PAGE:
For Jeremy Greenspan, there are numerous ways in which modular synths aid his creative process: “For me the appeal is that there are fewer decisions being made for you by the instrument maker. There are no presets. No two modular systems are the same. The sounds are often unique but, more importantly for me, using a modular synth often takes your preconceived planning out of the equation. Modular synths are usually unpredictable, the results of patching are also unpredictable, so you usually get a pattern, a sound, a sequence or rhythm that you didn’t predict. Writing with modulars is usually more about capturing a moment. A sort of synchronistic moment happens when you write. It’s totally unique. Modular synths can take your ego out of the equation – which, in music, is a blessing.”
One of the most important factors in determining why modular synths are so highly praised by artists and producers is that most of the companies creating modular equipment are owned, run and staffed by musicians. Since modular synth manufacturers tend to make music themselves, it’s only logical that they should focus on musicians’ needs when designing new products.
“I was a musician before I was an electronics designer, and always will be,” says Stacy Gaudreau of hexinverter.net. “Generally speaking, my module creations arise from personal needs. I’m usually coming up with the most ideas for new modules when I’m spending a lot of time with my own modular system and discovering needs for new modules. sympleSEQ, for example was thought of because I was once a beginner DIYer and wanted to build a sequencer, but was intimidated by the parts count and wiring complexity. So, I developed sympleSEQ so that other beginners could have an easier time of things.”
I was a musician before I was an electronics designer, and always will be.
The design process for Intellijel is similar. “For many years I’ve been producing electronic music, mainly deep techno and ambient stuff,” says van Tijn. “I’m always considering what I would personally want to use to create music that has a lot of rhythmic structure and melody. As the company has been growing I’ve had the good fortune to connect directly with quite a few musicians I really admire and am influenced by and I carefully listen to any feedback they give us on our designs.”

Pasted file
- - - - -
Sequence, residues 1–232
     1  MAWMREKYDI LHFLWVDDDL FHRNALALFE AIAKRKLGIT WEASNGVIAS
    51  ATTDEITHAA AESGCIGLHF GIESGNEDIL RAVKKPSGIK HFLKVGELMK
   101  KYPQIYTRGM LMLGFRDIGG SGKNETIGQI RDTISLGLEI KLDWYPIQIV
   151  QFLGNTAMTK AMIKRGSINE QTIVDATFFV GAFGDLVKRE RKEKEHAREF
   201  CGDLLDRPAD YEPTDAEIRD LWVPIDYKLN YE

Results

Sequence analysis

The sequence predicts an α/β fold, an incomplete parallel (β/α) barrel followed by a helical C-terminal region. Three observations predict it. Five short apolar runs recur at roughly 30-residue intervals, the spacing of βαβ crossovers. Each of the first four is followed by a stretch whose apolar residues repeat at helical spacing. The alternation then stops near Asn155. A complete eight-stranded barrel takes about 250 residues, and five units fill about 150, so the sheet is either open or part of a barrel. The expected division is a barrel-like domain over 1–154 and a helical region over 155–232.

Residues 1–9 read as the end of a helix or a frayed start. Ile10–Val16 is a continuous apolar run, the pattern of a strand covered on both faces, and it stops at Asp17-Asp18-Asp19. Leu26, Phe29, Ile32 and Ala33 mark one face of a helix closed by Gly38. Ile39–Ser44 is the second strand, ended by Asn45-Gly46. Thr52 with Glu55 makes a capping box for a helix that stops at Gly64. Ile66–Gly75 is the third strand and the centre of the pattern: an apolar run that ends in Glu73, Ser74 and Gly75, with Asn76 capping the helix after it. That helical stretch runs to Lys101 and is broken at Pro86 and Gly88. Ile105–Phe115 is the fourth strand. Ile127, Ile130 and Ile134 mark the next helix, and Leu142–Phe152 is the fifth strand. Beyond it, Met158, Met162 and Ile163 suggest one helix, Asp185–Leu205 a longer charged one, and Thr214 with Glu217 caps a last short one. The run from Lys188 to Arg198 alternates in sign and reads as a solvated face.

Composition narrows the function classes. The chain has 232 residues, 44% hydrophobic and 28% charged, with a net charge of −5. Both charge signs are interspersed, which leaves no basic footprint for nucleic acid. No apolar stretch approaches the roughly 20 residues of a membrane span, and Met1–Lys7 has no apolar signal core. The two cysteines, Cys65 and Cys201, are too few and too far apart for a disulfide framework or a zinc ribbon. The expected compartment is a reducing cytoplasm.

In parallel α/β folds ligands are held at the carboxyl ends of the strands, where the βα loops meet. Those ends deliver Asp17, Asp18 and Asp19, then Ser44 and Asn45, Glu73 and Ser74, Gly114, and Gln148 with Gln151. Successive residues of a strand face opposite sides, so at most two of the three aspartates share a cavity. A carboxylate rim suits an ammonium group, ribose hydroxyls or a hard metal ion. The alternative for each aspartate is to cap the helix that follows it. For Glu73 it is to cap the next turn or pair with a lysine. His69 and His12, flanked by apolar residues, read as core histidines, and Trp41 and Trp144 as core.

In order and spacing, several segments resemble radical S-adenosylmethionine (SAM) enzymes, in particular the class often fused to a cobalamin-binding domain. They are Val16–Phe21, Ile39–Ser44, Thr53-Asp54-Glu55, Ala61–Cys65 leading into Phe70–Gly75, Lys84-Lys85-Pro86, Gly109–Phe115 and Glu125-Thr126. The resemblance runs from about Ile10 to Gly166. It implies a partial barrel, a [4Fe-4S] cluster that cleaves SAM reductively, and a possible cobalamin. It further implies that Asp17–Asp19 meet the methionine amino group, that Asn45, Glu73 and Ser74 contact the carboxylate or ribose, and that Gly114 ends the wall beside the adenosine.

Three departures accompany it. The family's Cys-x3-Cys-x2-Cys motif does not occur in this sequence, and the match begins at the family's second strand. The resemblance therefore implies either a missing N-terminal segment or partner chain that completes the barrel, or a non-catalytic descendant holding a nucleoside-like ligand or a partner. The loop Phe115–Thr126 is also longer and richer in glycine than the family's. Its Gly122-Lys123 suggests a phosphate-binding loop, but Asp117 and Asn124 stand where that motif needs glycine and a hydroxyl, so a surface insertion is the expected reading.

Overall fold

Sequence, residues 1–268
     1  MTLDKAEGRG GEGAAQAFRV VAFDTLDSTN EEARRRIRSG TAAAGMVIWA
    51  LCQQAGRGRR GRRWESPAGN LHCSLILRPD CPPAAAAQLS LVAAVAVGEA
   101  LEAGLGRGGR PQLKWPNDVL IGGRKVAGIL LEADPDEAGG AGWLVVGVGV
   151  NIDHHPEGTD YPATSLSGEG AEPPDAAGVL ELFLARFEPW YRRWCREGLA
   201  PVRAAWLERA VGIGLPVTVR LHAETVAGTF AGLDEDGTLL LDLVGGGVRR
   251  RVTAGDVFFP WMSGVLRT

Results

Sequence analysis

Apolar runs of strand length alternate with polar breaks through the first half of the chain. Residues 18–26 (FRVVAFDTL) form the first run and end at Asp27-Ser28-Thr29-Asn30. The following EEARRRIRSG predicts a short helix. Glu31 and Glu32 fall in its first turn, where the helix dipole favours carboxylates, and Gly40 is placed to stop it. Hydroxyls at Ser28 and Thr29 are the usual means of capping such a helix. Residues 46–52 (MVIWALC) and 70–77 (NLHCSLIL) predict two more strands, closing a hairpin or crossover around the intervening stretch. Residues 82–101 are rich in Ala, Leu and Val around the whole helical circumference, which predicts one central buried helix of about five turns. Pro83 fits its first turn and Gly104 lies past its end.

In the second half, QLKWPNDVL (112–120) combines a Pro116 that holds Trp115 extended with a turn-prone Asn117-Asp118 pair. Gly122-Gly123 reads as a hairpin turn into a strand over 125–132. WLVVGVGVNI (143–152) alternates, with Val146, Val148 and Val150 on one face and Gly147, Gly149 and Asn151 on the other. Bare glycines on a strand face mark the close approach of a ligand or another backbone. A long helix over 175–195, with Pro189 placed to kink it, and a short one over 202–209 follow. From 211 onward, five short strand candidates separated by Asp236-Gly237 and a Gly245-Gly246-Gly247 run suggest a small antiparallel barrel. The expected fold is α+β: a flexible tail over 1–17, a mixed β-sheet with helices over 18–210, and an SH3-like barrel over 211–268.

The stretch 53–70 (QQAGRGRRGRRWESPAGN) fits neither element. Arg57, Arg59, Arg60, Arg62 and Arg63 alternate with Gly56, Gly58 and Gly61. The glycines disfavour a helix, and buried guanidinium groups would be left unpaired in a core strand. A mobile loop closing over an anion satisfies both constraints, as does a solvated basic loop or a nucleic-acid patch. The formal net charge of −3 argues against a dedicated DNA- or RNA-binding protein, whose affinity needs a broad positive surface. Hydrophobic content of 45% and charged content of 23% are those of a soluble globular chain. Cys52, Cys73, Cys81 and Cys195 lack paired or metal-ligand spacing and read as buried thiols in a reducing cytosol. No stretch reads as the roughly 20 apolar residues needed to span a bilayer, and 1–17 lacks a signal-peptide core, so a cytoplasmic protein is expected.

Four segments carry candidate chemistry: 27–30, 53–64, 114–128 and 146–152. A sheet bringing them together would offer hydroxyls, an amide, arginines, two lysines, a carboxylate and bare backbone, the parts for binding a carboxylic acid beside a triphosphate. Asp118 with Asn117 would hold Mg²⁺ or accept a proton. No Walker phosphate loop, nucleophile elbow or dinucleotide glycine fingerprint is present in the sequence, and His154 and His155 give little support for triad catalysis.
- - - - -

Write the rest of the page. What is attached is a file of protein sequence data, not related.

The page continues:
Stacy Gaudreau’s one-man business, hexinverter.net, is his primary source of income. Entirely self-taught when he started the company, he now uses the profits from sales of modules and DIY kits to fund his electronics studies at college in Manitoba, Canada. “I have always been incredibly fascinated with electronics,” he explains. “As a child, I would spend a lot of time taking apart electronics and examining inside of them. Music – and especially electronic music – has always been an enormous part of my life, so it was no surprise that my interests eventually collided. As soon as I was able to have enough of my own space to build a small lab, I began to experiment with electronics and learn how to design circuits for musical synthesis. I’m a devoted do-it-yourselfer.”
Gaudreau’s experience is similar to dozens of other small-scale designers and manufacturers. At present, modular synth manufacturing isn’t generally a cut-throat industry of money-motivated businessmen looking for ways to crush the competition. “Generally speaking, the modular synth industry is full of incredibly creative people. The community is also very tight-knit and so there are a lot of warm fuzzy feelings all around,” says Gaudreau. “Just go to any muffwiggler.com DIY forum thread where someone’s developing a project and you’ll see just how appreciative the consumers of DIY projects are to have designers selling circuit boards and kits for their designs. The modular synthesis industry is incredibly inviting of new ideas and start-ups. I find that there’s a lot less aggression in this market, but there are exceptions to that rule. Any time there’s money to be made, you’ll always have some crooked individual trying to spoil the fun for everyone else. Thankfully the community is so tight-knit and supportive of one another that cruel people are generally weeded out fairly quickly.”
Modcan’s Bruce Duncan welcomes the increased competition from small companies, which he attributes to the rise of Eurorack and increased interest in electronic music in America. “The scene has definitely transformed from being a very esoteric hobby populated by a few well-heeled ‘in the know’ participants into a much more popular and wide spread phenomenon,” he tells us. “The new makers definitely keep me on my toes. Especially now that I’m also doing Eurorack modules. It is still a relatively small niche market, though. While the community’s still growing, nobody building modulars is doing it at a level compared with the early electric guitar manufacturers, for example.”
With so much choice on offer, Daniel van Tijn explains that from a manufacturer’s point of view it’s important to offer something different to the competition: “Right now there are about 80 companies and over 700 Eurorack modules, so you definitely need some way to stand out. At Intellijel we like the idea of modules that have a foundation capable of clean and precise sound but can be manipulated to go well beyond that state. You can always make a clean sound dirty but it’s difficult to do the opposite. Our modules cover a very broad range of synthesis techniques and sounds. We have some modules that are clearly influenced by classic designs but we always try to modernise and improve on what’s already been done. We’re also always looking at new things we can do but at the end of the day it’s extremely important that the resultant module is highly musical and useful and not just a novelty.”
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